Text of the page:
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Title: Mapping perceptual decisions to cortical regions
Author: Zatka Haas, Peter N.
ISNI:       0000 0004 7660 0707
Awarding Body: UCL (University College London)
Current Institution: University College London (University of London)
Date of Award: 2018
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Perceptual decisions involve a complex interaction of several brain areas. The neocortex is thought to play a major role in this process, but it is unclear which cortical areas are causally involved, and what their individual roles are. To explore this problem, we trained head-fixed mice to perform a two-alternative unforced-choice visual discrimination task. Mice were rewarded with water for turning a wheel to indicate which of two stimuli had higher contrast, or for holding the wheel still if no stimuli were present. We developed a hierarchical Bayesian model of the choice behaviour and used this to quantify mouse behaviour in terms of perceptual states such as choice biases and stimulus sensitivities. We also used this model framework to quantify how these perceptual states vary across individual mice and across sessions. Using widefield calcium imaging, we found robust sequential activation in primary visual, secondary visual, secondary motor, primary motor and somatosensory cortices in response to stimulus presentation. Optogenetic inactivation revealed that only the first two regions: visual (VIS) and secondary motor (MOs) areas, were causally relevant. VIS inactivation was effective earlier than MOs inactivation, which suggests a sequential causal role for these regions. We observed a surprising effect of VIS inactivation which could only be explained by a downstream subtractive process which integrates information between the two hemispheres. We tested this idea by developing a mechanistic model which was fit to widefield fluorescence data, using the same Bayesian hierarchical framework used earlier. In this model, VIS activity enhances the decision variable associated with contraversive movements and suppresses the decision variable associated with ipsiversive movements. By contrast, activity in MOs enhances both. This model could predict average psychometric behaviour, trial-by-trial variation in choices within a stimulus condition, as well as simulate the effect of optogenetic inactivation. This thesis therefore shines light on the cortical contributions towards visual discrimination behaviour. This work has implications for the neural processes underlying perceptual decision making more broadly.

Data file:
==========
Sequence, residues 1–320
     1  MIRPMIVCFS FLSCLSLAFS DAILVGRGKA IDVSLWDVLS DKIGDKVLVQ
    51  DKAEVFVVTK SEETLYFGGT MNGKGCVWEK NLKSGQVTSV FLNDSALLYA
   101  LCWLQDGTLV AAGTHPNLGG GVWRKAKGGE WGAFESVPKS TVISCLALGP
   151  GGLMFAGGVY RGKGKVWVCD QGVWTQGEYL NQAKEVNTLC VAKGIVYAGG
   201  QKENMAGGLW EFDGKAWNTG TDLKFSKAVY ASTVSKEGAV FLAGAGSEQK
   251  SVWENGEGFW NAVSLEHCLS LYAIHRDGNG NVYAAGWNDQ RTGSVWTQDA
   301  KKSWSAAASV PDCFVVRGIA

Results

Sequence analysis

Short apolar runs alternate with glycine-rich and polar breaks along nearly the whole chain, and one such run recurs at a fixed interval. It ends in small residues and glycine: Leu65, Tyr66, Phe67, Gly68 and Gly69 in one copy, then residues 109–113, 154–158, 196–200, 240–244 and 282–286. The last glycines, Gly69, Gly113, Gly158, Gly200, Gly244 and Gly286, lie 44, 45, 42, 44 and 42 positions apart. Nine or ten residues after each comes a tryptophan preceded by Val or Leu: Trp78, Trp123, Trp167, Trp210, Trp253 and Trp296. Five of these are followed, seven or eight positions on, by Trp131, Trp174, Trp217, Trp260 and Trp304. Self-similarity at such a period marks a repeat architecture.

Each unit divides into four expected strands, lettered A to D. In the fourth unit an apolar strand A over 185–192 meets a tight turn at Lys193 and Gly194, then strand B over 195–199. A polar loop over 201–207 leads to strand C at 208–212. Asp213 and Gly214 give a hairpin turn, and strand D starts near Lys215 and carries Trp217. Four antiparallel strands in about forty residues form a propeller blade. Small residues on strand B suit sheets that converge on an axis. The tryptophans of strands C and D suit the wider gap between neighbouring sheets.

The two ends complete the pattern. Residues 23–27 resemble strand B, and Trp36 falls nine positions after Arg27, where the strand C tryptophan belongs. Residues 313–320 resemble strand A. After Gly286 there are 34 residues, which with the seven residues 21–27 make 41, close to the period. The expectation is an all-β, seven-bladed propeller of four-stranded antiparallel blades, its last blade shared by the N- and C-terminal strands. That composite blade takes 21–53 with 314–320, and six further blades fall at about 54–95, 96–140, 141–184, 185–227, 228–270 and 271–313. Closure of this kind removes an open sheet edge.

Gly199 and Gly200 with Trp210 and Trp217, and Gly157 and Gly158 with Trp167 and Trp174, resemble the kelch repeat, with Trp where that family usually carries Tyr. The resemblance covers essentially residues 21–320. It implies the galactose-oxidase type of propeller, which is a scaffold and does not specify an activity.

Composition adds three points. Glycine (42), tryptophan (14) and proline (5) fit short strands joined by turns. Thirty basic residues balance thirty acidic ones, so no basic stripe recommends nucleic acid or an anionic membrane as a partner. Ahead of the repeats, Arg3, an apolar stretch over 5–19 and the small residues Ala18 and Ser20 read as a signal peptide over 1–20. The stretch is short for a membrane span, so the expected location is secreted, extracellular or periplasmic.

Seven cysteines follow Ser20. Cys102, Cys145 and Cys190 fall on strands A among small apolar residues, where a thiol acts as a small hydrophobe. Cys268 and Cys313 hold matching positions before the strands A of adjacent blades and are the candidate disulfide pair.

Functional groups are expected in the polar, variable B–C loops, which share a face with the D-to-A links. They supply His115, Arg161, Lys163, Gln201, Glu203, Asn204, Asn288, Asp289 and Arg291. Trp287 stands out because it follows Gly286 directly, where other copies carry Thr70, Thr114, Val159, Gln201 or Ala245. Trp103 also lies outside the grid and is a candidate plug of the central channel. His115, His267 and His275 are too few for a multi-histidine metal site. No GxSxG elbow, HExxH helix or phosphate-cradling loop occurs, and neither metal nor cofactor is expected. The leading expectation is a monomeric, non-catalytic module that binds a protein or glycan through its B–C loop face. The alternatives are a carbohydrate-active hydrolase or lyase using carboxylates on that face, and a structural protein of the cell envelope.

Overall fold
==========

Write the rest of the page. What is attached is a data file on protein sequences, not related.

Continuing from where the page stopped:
Supervisor: Not available Sponsor: Not available
Qualification Name: Thesis (Ph.D.) Qualification Level: Doctoral
EThOS ID:  DOI: Not available